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get up with 'goh'

by jessica bennett, news staff

as the lights in the room dim, people fill in and jay hagenbuch takes to the stage to play his acoustic guitar. meanwhile, the other member of this two-man band called goh, chris harris, wanders around the room greeting the audience and handing out shakers. some members of the audience gladly grab for the noise-making cans, eager to join in the fun, while others take them with some apprehension, seemingly surprised at the band’s attempt to include them in the music.

hagenbuch takes the next few minutes to introduce the band and play while he waits for his sociable partner to join him on-stage. after a few moments, harris is seated beside him, preparing to add the sound of his drum and cymbals to the simple guitar chords. the pair is confident that it will be a great show as they break into their first song, "gi joe." the excitement they feel about performing is completely evident, and it radiates into the audience.

the two are no longer as nervous as they once were when they formed goh (pronounced "go") a year and a half ago. now, they have fun putting on shows; they aren’t extremely unnerved by performing.

"playing in front of people is not the problem. we get more nervous about how many people will show up," said hagenbuch. "every band wants to fill the house."

harris and hagenbuch met while they were undergraduates at northeastern, both engineering majors. "i had a guitar at home and always wanted to learn to play," remembered hagenbuch.

"and I played trumpet and wanted to move onto other instruments, too," added harris. the two created a college band to play at parties and other functions.

when they graduated in 1992, hagenbuch decided to move to ft. lauderdale, fla., while harris completed his master’s degree at NU. they both played with other bands in the four years that hagenbuch was gone, and it wasn’t until 1997 that the two came back together to form goh.

"we started performing at open mic nights. we were really nervous. we weren’t sure what people would think of us," said hagenbuch. their performances were not only accepted but encouraged by their audience.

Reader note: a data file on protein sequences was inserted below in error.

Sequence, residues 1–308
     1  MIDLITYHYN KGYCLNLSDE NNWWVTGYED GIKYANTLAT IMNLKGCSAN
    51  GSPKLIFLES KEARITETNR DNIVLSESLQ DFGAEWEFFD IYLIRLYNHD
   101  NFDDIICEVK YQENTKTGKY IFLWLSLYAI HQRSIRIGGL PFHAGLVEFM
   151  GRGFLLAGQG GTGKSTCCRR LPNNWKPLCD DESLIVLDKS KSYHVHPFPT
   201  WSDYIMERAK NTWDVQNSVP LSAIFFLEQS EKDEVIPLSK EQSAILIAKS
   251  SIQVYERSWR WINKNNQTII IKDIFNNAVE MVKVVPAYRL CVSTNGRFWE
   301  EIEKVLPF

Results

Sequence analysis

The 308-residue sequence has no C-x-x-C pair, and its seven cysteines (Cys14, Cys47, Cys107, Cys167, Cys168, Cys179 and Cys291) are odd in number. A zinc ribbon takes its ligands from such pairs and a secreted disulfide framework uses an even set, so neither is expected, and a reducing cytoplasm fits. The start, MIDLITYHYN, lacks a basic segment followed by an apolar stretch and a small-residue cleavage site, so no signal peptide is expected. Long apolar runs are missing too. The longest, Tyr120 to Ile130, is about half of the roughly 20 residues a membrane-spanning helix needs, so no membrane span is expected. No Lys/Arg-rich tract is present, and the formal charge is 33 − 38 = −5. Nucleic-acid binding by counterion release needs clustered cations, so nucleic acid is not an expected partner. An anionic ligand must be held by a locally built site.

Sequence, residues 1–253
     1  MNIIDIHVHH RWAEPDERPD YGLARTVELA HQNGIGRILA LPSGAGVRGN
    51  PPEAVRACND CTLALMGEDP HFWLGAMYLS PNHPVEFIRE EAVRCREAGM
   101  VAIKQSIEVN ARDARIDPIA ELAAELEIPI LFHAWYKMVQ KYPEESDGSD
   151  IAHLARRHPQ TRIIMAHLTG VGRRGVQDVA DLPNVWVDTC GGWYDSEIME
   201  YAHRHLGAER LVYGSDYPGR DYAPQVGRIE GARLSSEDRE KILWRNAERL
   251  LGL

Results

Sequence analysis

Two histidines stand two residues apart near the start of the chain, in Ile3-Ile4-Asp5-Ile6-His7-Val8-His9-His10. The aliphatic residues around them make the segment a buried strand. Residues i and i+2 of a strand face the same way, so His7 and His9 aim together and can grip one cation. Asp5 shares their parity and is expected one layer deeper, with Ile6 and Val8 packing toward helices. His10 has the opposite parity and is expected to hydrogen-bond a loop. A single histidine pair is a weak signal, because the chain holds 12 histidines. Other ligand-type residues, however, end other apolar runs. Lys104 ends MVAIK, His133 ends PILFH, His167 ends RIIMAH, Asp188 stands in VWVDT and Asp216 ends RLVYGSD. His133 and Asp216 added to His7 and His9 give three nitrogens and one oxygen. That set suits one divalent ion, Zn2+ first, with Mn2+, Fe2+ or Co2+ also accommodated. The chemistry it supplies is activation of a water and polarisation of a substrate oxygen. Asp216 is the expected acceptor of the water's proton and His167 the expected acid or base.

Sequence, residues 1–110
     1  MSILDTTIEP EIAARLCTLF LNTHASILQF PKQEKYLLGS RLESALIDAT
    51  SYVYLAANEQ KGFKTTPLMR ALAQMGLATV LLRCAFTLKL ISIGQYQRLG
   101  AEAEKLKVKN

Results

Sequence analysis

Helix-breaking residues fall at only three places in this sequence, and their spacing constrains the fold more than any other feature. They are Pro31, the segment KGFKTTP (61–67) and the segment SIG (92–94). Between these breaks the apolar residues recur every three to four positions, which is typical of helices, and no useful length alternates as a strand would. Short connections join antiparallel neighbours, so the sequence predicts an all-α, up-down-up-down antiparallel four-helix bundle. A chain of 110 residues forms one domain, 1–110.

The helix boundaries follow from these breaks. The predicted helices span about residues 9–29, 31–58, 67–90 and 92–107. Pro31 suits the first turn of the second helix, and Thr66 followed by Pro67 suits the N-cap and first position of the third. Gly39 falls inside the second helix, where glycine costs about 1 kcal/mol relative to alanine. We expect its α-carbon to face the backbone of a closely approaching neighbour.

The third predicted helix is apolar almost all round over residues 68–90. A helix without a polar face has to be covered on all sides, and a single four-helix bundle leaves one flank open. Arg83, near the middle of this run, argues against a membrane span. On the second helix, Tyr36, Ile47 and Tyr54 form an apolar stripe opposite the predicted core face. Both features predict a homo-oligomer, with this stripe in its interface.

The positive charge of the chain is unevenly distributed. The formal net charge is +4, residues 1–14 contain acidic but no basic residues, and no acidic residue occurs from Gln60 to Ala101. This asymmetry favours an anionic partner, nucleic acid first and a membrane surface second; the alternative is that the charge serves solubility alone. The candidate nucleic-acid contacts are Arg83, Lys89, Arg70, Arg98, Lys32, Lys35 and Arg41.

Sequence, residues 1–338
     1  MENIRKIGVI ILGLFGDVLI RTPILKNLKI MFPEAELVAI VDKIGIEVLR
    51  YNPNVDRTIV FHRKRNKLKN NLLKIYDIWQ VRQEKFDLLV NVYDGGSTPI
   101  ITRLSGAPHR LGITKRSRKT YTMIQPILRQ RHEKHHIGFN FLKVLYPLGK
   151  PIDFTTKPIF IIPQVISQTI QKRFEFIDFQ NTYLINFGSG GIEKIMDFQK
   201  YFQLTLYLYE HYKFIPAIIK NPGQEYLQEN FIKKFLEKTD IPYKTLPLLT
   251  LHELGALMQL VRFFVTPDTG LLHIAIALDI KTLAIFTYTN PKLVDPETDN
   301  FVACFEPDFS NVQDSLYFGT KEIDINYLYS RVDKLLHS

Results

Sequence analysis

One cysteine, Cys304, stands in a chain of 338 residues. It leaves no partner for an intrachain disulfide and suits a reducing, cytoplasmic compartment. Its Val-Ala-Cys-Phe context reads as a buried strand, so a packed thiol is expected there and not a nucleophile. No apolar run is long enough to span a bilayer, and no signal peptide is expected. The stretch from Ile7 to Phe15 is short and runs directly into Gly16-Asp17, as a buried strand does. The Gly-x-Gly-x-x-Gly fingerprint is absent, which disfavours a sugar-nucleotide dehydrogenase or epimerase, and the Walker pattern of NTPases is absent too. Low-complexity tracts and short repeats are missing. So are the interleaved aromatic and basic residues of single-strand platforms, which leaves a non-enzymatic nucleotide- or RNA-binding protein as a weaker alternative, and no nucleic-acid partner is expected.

"at one open mic night, we met a girl who asked us to play for her party. we did and at the party, we met a man who owned a coffee shop and wanted us to play there," said harris. the open mics were the perfect place for the band to get started. they gave the pair opportunities to try out their songs and to get comfortable in front of an audience.

goh hit the studio last summer and recently released its debut album, "matt." the disc features six of their 18 original songs and is representative of the band’s abilities. "we wanted the album to give an idea of what our live show is like. but we also wanted to leave the doors open and not give everything away," said harris.

hagenbuch and harris are both extremely energetic and love to perform for those around them. they are determined to show the crowd a wonderful time by getting them involved and interested in more than just the music. goh tries to connect with every person in the audience, not only through the music and lyrics, but also through their encouragement and conversation.

harris fully encourages every person in the room to join in each song by shaking along with his or her noise-maker. "the shakers are our attempt at getting people involved. we want the show to be as interactive as possible," said harris.

the band members continue to play their set, but after a few more songs, goh decides that it is "the story portion of the evening." hagenbuch keeps playing the melody of the song, while harris begins his tale. often, when the size of the club permits, they will invite an audience member to share a story of his or her own.

another song they play, "satellite," begins with harris pulling out the trumpet he played in high school band. goh also adds the sound of instruments such as spoons, harmonica and maracas to some songs.

"since it is just the two of us, it can be difficult to fill in the entire song with music," harris said. "we always welcome the audience participation because we think it only adds to our music."

not only is there a story time during the set, but the band often takes a short break to have a quiz with prizes. the questions come from harris’ goh pocket game and includes questions like, "how many times does a cow go to the bathroom in one day?" hagenbuch then gives outrageous prizes to whomever answers correctly.

finally, the last special section of the set is a sing-along. harris convinces the audience to join in his background song, while hagenbuch continues with the main vocals.

goh is currently playing a residency at the lansdowne street music hall (formerly known as mama kin). they’re going on every sunday night in january at 9:30 p.m., followed by another band at 10:30.

"the residency is great. we get to know the people here, make friends and know what to expect," said hagenbuch.